Electrical Engineering
      and Computer Sciences

Electrical Engineering and Computer Sciences

COLLEGE OF ENGINEERING

UC Berkeley

The Complexity of Nash Equilibria

Constantinos Daskalakis

EECS Department
University of California, Berkeley
Technical Report No. UCB/EECS-2008-107
August 28, 2008

http://www.eecs.berkeley.edu/Pubs/TechRpts/2008/EECS-2008-107.pdf

The Internet owes much of its complexity to the large number of entities that run it and use it. These entities have different and potentially conflicting interests, so their interactions are strategic in nature. Therefore, to understand these interactions, concepts from Economics and, most importantly, Game Theory are necessary. An important such concept is the notion of the Nash equilibrium, which provides us with a rigorous way of predicting the behavior of strategic agents in situations of conflict. But the credibility of the Nash equilibrium as a framework for behavior-prediction depends on whether such equilibria are efficiently computable. After all, why should we expect a group of rational agents to behave in a fashion that requires exponential time to be computed? Motivated by this question, we study the computational complexity of the Nash equilibrium. We show that computing a Nash equilibrium is an intractable problem. Since by Nash's theorem a Nash equilibrium always exists, the problem belongs to the family of total search problems in NP, and previous work establishes that it is unlikely that such problems are NP-complete. We show instead that the problem is as hard as solving any Brouwer fixed point computation problem, in a precise complexity-theoretic sense. The corresponding complexity class is called PPAD, for Polynomial Parity Argument in Directed graphs, and our precise result is that computing a Nash equilibrium is a PPAD-complete problem. In view of this hardness result, we are motivated to study the complexity of computing approximate Nash equilibria, with arbitrarily close approximation. In this regard, we consider a very natural and important class of games, called anonymous games. These are games in which every player is oblivious to the identities of the other players; examples arise in auction settings, congestion games, and social interactions. We give a polynomial time approximation scheme for anonymous games with a bounded number of strategies.

Advisor: Christos Papadimitriou


BibTeX citation:

@phdthesis{Daskalakis:EECS-2008-107,
    Author = {Daskalakis, Constantinos},
    Title = {The Complexity of Nash Equilibria},
    School = {EECS Department, University of California, Berkeley},
    Year = {2008},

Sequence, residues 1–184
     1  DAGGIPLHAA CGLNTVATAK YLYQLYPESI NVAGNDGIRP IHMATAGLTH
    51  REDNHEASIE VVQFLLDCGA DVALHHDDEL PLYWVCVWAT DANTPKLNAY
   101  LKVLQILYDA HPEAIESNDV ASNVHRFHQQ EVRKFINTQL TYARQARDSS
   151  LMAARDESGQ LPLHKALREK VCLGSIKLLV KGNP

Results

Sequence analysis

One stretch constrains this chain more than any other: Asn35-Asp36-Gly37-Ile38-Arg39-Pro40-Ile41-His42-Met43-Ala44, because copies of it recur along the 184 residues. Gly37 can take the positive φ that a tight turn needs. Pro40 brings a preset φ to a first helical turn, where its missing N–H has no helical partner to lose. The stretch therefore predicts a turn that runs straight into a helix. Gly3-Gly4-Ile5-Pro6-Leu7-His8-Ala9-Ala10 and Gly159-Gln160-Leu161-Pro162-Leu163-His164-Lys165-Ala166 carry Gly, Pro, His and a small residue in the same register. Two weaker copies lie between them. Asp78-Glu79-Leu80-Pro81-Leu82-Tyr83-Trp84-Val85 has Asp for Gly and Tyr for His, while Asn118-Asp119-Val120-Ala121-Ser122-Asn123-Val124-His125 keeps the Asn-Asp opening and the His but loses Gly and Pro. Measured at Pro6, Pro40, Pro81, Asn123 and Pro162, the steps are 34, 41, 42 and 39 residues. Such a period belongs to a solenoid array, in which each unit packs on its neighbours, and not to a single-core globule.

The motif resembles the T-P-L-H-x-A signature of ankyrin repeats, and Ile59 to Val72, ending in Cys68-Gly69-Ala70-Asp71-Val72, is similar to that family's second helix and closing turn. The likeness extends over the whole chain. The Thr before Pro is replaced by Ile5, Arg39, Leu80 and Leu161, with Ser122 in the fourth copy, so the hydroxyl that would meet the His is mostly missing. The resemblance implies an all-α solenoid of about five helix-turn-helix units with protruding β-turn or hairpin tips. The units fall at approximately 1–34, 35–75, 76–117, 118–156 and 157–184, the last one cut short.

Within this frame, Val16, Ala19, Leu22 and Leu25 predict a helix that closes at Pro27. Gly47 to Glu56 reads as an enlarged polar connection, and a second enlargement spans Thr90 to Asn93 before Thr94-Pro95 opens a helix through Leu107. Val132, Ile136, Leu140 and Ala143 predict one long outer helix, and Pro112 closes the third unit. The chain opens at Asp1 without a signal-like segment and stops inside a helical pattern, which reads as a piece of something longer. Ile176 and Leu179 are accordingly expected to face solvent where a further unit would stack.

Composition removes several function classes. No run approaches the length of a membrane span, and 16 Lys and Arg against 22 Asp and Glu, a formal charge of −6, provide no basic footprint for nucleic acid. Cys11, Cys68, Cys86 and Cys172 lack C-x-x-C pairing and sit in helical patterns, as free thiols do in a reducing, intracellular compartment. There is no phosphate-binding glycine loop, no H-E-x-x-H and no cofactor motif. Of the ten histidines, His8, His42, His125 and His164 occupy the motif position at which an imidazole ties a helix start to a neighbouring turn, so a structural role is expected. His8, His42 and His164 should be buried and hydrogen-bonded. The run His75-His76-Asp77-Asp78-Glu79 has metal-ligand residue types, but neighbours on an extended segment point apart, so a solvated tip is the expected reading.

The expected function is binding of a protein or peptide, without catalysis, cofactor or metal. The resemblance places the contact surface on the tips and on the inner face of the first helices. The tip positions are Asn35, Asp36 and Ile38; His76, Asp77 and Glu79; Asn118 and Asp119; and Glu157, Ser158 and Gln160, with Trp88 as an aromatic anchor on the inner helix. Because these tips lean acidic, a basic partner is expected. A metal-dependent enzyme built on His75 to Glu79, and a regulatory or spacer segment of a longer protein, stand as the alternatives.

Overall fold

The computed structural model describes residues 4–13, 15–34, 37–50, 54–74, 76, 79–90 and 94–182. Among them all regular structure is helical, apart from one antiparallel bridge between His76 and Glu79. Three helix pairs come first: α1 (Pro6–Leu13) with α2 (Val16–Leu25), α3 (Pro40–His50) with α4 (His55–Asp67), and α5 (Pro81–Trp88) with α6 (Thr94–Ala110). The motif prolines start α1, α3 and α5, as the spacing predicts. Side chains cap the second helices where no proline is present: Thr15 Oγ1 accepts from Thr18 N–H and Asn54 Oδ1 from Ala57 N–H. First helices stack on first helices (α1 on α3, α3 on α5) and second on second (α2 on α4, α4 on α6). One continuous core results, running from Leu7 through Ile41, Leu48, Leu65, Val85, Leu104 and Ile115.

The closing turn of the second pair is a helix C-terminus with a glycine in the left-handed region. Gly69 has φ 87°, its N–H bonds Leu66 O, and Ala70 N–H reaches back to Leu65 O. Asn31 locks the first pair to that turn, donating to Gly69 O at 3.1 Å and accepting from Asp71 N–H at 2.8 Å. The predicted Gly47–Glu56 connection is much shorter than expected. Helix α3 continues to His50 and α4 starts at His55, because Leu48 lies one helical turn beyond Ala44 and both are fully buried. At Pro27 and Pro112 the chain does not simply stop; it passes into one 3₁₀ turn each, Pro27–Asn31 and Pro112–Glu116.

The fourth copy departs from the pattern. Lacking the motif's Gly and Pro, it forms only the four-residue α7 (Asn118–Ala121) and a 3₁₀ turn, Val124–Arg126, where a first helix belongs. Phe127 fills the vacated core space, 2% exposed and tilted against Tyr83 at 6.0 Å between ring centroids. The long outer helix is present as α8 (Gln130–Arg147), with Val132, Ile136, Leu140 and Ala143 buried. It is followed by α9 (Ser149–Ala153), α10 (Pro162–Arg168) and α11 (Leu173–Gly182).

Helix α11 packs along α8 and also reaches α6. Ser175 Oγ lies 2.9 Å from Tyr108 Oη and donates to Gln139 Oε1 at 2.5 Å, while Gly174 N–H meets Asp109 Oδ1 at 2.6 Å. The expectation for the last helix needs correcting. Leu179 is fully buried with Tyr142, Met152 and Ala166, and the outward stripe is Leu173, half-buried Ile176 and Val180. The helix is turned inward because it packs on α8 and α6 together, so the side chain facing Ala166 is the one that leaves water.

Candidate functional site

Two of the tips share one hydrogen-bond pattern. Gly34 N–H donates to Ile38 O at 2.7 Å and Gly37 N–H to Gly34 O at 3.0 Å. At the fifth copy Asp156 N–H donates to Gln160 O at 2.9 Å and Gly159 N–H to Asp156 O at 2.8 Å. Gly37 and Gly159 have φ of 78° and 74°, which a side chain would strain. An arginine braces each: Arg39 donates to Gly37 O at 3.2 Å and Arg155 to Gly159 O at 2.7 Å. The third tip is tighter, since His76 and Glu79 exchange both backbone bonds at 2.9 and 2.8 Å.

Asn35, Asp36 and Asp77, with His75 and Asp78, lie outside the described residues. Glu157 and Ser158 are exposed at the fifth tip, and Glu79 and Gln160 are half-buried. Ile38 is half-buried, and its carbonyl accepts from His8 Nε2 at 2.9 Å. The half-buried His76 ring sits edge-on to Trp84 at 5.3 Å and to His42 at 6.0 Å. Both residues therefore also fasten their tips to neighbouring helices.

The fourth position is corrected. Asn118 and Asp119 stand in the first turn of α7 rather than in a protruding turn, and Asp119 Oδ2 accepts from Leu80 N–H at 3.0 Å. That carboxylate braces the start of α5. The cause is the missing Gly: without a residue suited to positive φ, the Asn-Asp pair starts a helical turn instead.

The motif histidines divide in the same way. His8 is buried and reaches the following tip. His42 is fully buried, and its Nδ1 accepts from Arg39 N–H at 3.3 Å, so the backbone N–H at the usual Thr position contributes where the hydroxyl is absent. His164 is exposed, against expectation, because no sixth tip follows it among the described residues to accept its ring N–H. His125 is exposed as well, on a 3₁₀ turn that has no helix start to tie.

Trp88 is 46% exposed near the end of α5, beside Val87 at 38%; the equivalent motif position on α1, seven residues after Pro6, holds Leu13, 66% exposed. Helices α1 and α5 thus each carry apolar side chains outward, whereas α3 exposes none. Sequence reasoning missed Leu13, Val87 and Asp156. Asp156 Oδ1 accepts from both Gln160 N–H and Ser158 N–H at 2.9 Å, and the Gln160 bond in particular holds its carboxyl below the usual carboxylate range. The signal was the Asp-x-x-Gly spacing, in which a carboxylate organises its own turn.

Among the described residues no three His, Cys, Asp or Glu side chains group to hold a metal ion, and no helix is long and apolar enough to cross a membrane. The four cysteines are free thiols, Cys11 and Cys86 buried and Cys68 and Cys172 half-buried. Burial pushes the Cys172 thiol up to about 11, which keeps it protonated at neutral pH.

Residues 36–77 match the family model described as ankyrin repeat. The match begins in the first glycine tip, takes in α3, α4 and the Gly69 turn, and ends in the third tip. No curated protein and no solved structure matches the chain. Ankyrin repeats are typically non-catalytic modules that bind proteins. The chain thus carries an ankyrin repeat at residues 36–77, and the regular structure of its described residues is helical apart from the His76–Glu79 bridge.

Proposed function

Month = {Aug},
    URL = {http://www.eecs.berkeley.edu/Pubs/TechRpts/2008/EECS-2008-107.html},
    Number = {UCB/EECS-2008-107},
    Abstract = {The Internet owes much of its complexity to the large number of entities that run it and use it. These entities have different and potentially conflicting interests, so their interactions are strategic in nature. Therefore, to understand these interactions, concepts from Economics and, most importantly, Game Theory are necessary. An important such concept is the notion of the Nash equilibrium, which provides us with a rigorous way of predicting the behavior of strategic agents in situations of conflict. But the credibility of the Nash equilibrium as a framework for behavior-prediction depends on whether such equilibria are efficiently computable. After all, why should we expect a group of rational agents to behave in a fashion that requires exponential time to be computed? Motivated by this question, we study the computational complexity of the Nash equilibrium. 

We show that computing a Nash equilibrium is an intractable problem. Since by Nash's theorem a Nash equilibrium always exists, the problem belongs to the family of total search problems in NP, and previous work establishes that it is unlikely that such problems are NP-complete. We show instead that the problem is as hard as solving any Brouwer fixed point computation problem, in a precise complexity-theoretic sense. The corresponding complexity class is called PPAD, for Polynomial Parity Argument in Directed graphs, and our precise result is that computing a Nash equilibrium is a PPAD-complete problem. 

In view of this hardness result, we are motivated to study the complexity of computing approximate Nash equilibria, with arbitrarily close approximation. In this regard, we consider a very natural and important class of games, called anonymous games. These are games in which every player is oblivious to the identities of the other players; examples arise in auction settings, congestion games, and social interactions. We give a polynomial time approximation scheme for anonymous games with a bounded number of strategies.}
}

EndNote citation:

%0 Thesis
%A Daskalakis, Constantinos
%T The Complexity of Nash Equilibria
%I EECS Department, University of California, Berkeley
%D 2008
%8 August 28
%@ UCB/EECS-2008-107
%U http://www.eecs.berkeley.edu/Pubs/TechRpts/2008/EECS-2008-107.html
%F Daskalakis:EECS-2008-107